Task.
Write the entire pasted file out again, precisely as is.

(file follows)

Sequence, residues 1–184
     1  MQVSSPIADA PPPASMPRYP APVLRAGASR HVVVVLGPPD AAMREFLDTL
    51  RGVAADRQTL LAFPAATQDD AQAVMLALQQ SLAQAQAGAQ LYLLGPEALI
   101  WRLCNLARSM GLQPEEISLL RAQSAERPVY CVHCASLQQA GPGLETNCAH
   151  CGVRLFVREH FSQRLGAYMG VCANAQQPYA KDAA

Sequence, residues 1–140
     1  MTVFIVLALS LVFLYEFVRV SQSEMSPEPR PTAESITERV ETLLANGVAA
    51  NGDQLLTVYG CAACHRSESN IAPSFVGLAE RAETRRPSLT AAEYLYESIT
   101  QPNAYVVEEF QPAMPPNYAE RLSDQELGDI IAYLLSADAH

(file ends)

Sequence, residues 1–184
     1  MQVSSPIADA PPPASMPRYP APVLRAGASR HVVVVLGPPD AAMREFLDTL
    51  RGVAADRQTL LAFPAATQDD AQAVMLALQQ SLAQAQAGAQ LYLLGPEALI
   101  WRLCNLARSM GLQPEEISLL RAQSAERPVY CVHCASLQQA GPGLETNCAH
   151  CGVRLFVREH FSQRLGAYMG VCANAQQPYA KDAA

Sequence, residues 1–140
     1  MTVFIVLALS LVFLYEFVRV SQSEMSPEPR PTAESITERV ETLLANGVAA
    51  NGDQLLTVYG CAACHRSESN IAPSFVGLAE RAETRRPSLT AAEYLYESIT
   101  QPNAYVVEEF QPAMPPNYAE RLSDQELGDI IAYLLSADAH